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Useful Guides

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Manual Handling Training

One of the most common injuries in the workplace and reasons for employees needing to take time off to recover are those attributed to the manual handling of loads. The manipulation of loads, which includes all methods of manipulation such as lifting, pulling, pushing, carrying etc puts strain on the body and can result in a variety of injuries, the most common being muscle strains, torn tendons and ligaments, slipped discs and hernias. As well as the actual manipulation, the object itself can also cause injury. For example, if it has sharp edges it can lead to cuts, or if it is rough it can damage the skin over time. If a person drops a heavy load they can injure themselves, the most likely being their feet and toes, or perhaps crushing a finger when setting a heavy load down.

By undertaking manual handling training, workers will have a much greater understanding of the risks that are present when it comes to moving and manipulating loads in the workplace. Virtually every place of work will have employees who move heavy or awkwardly-sized objects around, and so manual handling training should make up a key component of the overall health and safety training provision for these workers.

Along with workers, the management of the organisation need to understand about manual handling risks and how these hazards can impact upon those who the management are responsible for. Where workers will need to move and handle loads, a manual handling risk assessment should be performed to assess the risks and introduce appropriate controls or changes, or provide mechanical aids to reduce the burden and strain upon a person's body. This means that a manager will need to know how to successfully perform this risk assessment for manual handling issues, which they will gain through attending a training course on the subject.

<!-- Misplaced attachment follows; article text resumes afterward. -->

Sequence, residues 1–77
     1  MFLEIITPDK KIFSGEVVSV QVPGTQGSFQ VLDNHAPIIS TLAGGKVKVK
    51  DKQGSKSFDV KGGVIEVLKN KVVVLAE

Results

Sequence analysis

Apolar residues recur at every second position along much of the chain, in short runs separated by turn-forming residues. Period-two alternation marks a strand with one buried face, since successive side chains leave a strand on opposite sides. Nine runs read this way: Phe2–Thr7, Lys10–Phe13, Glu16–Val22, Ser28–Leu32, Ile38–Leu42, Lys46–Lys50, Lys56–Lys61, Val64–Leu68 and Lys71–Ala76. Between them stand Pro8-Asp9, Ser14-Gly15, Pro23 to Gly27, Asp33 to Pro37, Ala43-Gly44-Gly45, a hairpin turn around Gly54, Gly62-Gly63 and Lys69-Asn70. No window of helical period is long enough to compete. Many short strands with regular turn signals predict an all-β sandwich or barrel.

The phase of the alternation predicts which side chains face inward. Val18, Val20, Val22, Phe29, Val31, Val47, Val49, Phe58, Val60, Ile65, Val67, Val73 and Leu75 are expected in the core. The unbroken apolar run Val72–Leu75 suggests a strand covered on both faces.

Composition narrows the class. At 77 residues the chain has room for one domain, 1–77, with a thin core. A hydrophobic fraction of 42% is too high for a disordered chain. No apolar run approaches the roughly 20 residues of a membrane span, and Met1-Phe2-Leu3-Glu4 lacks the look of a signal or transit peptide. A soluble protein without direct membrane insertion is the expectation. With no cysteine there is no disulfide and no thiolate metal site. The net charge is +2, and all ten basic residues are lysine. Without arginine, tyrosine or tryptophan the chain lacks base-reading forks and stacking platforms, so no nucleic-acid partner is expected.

Manual handling is one of those issues which everyone thinks they already know, so it is important that workers are engaged by the training in order to keep their attention so that they take in the required information. Also, manual handling training should be periodically refreshed and activities monitored to make sure that workers have not slipped into old habits. Whilst it is up to the workers themselves to actually follow the correct techniques that they have been taught, it is in the management's best interests to ensure that correct procedures are being followed, as having a worker off sick with a manual handling injury will be detrimental to the business in terms of lost production and sick pay.

Manual Handling Training Provider

Through our sister company the BCF Group based in Nottingham UK, we can provide manual handling training for your employees. Rather than just provide general training on the theory, our manual handling courses can be tailored to incorporate the specific risks and objects that your employees move, making it much more relevant, interesting and useful for when they get back into the workplace. For more information, please visit www.thebcfgroup.co.uk or call 0844 800 3295 to discuss your requirements.

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